In short, very little of what comprises so-called “gay bashing” seems to have anything specific to do with “gay”. Rather, it is a general manifestation that we have a difficult time living up to all the high ideals we preach and aspire to.

No great surprise, that.

As far as acceptance goes, how would you feel if the members of your priesthood quorum had a discussion about people like you and felt that the best way to deal with “your kind” was to stuff them into a barn, lock all the doors, and burn them alive? Ever felt that kind of love and acceptance from the Ward?

In fact, I have.


My challenge for Jim (and anyone else who cares) is to read the new pamphlet “God Loveth His Children”

Yes, thanks, I have read it, and I do care.

…and then try to understand how it is possible to love and accept a gay person who is not sinning

My understanding is that as a disciple of Christ, I simply strive to treat everyone the same, without respect to whether they are subject to any particular set of special feelings or circumstances. This is convenient counsel, because it does not require me to determine apriori whether someone feels “gay”, has committed any particular sin, or has some other unique circumstances that require special treatment or handling. Fortunate for me — I don’t feel qualified to make such judgements. This attitude basically frees me to consider that all are unique and special before God, and as far as I am concerned, none are more or less deserving of God’s love.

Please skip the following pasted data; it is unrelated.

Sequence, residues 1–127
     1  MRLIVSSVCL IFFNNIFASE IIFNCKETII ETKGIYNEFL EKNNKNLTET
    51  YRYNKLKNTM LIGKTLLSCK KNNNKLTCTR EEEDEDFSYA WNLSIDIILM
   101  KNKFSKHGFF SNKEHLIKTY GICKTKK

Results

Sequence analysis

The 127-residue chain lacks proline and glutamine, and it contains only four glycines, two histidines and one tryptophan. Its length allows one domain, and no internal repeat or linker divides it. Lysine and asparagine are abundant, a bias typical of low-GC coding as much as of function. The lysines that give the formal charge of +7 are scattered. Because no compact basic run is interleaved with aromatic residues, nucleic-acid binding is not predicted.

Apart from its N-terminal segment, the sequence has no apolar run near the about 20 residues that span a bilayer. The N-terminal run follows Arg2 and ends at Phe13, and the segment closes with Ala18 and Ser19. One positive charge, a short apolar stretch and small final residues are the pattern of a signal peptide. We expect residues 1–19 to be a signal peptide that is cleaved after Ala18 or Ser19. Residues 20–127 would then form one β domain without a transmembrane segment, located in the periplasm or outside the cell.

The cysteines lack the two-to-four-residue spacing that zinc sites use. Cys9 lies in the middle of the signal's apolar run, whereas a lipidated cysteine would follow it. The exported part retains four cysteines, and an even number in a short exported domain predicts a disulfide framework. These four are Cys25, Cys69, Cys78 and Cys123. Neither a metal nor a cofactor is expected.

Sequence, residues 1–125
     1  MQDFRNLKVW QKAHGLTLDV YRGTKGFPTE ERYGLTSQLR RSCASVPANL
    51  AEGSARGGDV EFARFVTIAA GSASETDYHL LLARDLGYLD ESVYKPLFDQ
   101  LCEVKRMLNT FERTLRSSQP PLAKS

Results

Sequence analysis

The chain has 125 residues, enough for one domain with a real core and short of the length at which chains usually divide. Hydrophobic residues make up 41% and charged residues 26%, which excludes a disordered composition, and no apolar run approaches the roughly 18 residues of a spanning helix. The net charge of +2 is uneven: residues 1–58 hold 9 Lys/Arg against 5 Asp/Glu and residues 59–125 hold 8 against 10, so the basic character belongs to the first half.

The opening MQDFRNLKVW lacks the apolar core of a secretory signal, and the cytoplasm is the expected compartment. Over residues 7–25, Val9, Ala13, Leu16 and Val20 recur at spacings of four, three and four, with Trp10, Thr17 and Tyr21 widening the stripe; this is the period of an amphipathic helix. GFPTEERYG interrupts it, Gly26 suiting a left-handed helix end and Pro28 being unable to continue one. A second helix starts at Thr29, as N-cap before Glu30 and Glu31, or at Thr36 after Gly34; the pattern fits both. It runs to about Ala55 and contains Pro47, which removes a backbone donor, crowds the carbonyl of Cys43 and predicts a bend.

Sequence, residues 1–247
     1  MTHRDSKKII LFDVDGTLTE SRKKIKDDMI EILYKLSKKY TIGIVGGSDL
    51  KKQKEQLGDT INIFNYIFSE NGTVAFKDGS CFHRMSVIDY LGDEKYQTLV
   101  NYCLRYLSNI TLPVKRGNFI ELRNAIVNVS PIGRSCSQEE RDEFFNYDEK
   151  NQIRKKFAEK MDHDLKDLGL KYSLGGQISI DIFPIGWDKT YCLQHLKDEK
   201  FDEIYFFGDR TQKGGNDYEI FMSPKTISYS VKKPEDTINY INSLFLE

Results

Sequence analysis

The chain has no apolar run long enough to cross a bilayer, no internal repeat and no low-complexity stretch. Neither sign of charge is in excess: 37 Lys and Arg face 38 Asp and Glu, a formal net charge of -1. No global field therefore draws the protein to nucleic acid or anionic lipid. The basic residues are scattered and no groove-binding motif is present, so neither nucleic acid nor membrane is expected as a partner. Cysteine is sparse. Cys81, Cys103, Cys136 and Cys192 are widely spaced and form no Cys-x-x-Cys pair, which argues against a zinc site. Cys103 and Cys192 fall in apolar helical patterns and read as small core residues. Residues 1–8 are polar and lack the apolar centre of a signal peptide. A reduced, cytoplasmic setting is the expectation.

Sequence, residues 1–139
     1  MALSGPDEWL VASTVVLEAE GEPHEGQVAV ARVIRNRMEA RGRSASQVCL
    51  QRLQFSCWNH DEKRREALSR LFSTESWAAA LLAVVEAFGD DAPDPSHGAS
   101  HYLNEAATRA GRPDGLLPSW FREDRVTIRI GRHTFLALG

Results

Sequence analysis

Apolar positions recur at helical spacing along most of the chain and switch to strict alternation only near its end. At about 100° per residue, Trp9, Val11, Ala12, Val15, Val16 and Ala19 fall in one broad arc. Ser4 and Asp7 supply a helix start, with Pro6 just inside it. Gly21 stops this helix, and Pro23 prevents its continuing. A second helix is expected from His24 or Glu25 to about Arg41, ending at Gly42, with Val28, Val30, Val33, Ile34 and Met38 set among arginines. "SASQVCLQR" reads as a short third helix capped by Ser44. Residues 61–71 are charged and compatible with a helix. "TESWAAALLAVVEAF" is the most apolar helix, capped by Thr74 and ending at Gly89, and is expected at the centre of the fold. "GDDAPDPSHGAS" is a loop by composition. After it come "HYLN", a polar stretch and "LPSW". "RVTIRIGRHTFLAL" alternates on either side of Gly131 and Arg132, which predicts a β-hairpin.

Thus I do strive.

1 comment:

bill said...


Your insights, as usual, are right on. I agree with you whole-heartedly. Why is it that people who find themselves in opposition to God's law wish that God would agree with them? I am not only talking about sexual behavior, but (like you) about all behavior that is opposed to the commandments of God. Your comment about the nature of any (and every) sin being detrimental to a relationship with God is also right on. And personally, I have enough trouble with my own shortcomings to be too concerned with those of others. Who has energy to fight Satan over their own problems and those of others as well? I am too busy protecting (however poorly) my own house to worry about others'.

Thanks for a good post. You make me think.